The other things is NewsMac Pro also introduces the concept of bookmarks and I can foresee there being confusion about the different between bookmarks and favourites because the terminology is already mixed up by the different web browsers out there. In NewsMac Pro bookmarks apply to headlines – they let you keep a reference to a specific headline and they also override the automatic history removal so a bookmarked headline will stay around indefinitely until you remove the bookmark. It probably won’t make the 1.0 release but I want to have the ability to automatically export these bookmarks to Safari too.

Anyway on the topic of NewsMac oddities, the other thing that comes to mind is the way you synchronise things with an iPod or Palm – you have to separately mark it as ‘to be synchronised’. This concept caused confusion and will be removed in NewsMac Pro – instead you can just pick any folder to be the source of synchronised channels (well with the exception of the ‘All’ smart folder because it would exceed the capacity of an iPod or Palm to try and synchronise 100s of channels!).

Brushed metal and graphite blobs, whither the HIG?

Apple has long been known for devising and popularising good solid computer user interfaces. However there has been an increasing, and worrying trend for Apple to throw conventional UI wisdom out the window to apparently either meet the whims of Steve Jobs or the marketing department. The spread of the brushed metal look, like a plague, across every flagship Mac application is one example of this. Apple’s Human Interface Guidelines, for a long time seen as the bible of user interface design, kept contorting and twisting trying to add new reasons as to why brushed metal should be used rather than the standard Aqua look. First it was anything that interacted with a digital lifestyle device (in other words excusing all iLife apps), then it was anything with a ‘source list’, excusing the Finder. At this point it’s basically a free-for-all, visual consistency be damned.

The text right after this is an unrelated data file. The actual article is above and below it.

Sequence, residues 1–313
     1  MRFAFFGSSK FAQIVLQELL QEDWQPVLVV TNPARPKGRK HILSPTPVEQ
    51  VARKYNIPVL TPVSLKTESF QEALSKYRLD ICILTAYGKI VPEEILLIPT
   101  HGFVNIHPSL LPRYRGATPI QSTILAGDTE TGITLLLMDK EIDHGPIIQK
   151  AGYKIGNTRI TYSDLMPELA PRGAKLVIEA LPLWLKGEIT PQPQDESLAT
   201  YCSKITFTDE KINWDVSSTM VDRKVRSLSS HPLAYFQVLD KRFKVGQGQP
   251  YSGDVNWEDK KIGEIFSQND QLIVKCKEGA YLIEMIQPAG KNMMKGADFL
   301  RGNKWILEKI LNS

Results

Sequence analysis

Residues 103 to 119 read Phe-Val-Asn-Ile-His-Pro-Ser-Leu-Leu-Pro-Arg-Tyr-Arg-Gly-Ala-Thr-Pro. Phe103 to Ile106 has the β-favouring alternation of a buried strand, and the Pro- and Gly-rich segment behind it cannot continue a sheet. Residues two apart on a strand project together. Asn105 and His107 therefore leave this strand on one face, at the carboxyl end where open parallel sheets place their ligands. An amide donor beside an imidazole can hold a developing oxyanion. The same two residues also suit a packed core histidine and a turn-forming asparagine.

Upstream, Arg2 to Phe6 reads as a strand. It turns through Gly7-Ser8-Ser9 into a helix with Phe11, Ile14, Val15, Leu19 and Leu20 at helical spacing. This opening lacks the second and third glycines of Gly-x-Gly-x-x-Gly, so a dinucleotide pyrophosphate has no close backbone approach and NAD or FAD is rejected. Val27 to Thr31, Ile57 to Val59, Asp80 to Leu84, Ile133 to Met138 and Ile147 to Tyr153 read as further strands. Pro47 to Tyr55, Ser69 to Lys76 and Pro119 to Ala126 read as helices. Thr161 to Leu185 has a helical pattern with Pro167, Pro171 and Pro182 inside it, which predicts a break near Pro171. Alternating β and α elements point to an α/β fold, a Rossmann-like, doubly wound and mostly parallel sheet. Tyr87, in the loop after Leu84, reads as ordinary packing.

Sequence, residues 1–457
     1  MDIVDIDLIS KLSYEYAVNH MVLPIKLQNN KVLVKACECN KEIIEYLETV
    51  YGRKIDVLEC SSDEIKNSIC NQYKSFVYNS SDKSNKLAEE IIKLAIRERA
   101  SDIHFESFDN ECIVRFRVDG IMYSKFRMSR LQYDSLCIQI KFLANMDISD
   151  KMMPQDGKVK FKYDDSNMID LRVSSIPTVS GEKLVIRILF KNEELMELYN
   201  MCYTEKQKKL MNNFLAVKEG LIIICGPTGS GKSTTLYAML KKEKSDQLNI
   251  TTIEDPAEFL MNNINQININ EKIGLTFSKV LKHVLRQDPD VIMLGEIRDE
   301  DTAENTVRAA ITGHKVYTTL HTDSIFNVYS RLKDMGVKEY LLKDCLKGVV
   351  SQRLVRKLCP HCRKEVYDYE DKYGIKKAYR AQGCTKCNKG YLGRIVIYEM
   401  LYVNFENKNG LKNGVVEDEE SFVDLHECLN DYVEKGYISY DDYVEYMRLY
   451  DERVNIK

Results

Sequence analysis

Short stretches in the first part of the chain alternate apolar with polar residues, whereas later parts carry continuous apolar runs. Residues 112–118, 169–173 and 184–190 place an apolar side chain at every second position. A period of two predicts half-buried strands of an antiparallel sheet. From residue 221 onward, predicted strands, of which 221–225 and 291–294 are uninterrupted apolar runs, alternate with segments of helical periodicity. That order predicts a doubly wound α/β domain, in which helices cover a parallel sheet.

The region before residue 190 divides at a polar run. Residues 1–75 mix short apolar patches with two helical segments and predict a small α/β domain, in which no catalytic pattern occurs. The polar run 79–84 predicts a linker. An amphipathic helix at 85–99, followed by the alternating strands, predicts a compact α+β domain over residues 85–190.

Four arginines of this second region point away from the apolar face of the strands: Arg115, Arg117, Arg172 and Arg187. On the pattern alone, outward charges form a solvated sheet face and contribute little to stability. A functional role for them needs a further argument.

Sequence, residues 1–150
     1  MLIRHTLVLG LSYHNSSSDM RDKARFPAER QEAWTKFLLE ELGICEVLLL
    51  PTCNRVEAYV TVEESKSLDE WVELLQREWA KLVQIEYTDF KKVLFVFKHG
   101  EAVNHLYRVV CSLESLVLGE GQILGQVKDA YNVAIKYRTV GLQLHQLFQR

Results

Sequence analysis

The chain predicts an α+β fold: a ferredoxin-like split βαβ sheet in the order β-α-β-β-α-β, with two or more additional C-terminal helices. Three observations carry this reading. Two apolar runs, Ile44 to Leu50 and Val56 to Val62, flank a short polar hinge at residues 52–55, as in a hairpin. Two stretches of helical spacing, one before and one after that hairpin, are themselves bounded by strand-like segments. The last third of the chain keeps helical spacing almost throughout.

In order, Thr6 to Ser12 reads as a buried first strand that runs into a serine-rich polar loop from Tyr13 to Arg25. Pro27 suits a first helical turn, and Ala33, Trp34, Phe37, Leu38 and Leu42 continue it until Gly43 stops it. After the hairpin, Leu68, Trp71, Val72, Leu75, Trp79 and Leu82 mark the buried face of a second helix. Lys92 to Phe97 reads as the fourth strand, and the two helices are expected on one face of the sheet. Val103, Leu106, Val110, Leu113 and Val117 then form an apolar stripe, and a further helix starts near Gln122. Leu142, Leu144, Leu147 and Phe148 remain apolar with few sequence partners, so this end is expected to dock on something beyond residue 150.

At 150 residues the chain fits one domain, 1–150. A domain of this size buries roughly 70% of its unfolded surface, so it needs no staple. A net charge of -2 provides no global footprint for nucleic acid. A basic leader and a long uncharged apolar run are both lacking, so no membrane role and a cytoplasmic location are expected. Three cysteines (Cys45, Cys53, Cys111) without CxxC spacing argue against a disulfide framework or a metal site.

That’s not to say brushed metal doesn’t have its place in the world, iTunes, the DVD player, calculator and other simple applications that are seeking to mimic something from the real world make sense in looking a bit different because they are trying to build on people’s familiarity with those devices. But this doesn’t excuse applications like the Finder, which has been sorely lacking visually ever since OS X was released. The source list shortcut bar is useful, but is it really any different to what you could do in OS X 10.2 by dragging icons into the toolbar to act as shortcuts? Nope. It’s just a Windows XP inspired add-on, and unlike its Windows counterpart it’s arguably less useful because it’s not context sensitive. Wouldn’t it be cool if it displayed some photo editing features (like rotate, crop etc). when you were in your Picture folder? How about the ability to quickly edit an MP3s ID3 tags when you click on a music file in the Finder? This could easily be done through AppleScript and would allow for a whole new class of application development using the Finder as the backbone. But instead we just have a list of shortcut icons that just sit there hoping they might come in handy. Just like those in the dock, and on the Finder toolbar and any shortcuts you might have on your desktop. Sure choice is a good thing, but at what point does it get in the way of adding some useful features for the rest of us?

Anyway my issues with brushed metal aside, OS X 10.4 Tiger is continuing this downward spiral of user interface design. Looking at the new interface in Mail (go check it out), where Apple has done away with the old drawer and introduced a more Outlook-style sidebar, or source list as we now call them. Of course it doesn’t look like any other source list in OS X, but at this point we should be used to each Apple application going its own way. The departure of the drawer, and the ability to place it on which ever side of the window one desired, or to hide it completely will no doubt be sorely missed by some. But drawers in and of themselves always looked a bit weird anyway so I’m not entirely sure if I’ll mourn them falling from favour in Mail, which I think is probably one of the only Apple applications to actually use one aside from iCal. I’ve decided to drop the drawer in NewsMac Pro as the source list makes it unnecessary now.

One glance at the toolbar and you immediately notice something odd, aside from the new ‘unified toolbar look’, the icons are now grouped together in graphite aqua blobs (which as you can see by the colour of the window’s open/minimise/zoom widgets, is ignoring the user’s preferences). If you ask me it looks butt ugly, compared with the current crop of elegant and colour themed icons in Mail. The other oddity is the great big chunk of blank space to the left of the delete icon, hopefully icons will move in to fill this as you add more to the toolbar, but still it looks damn weird.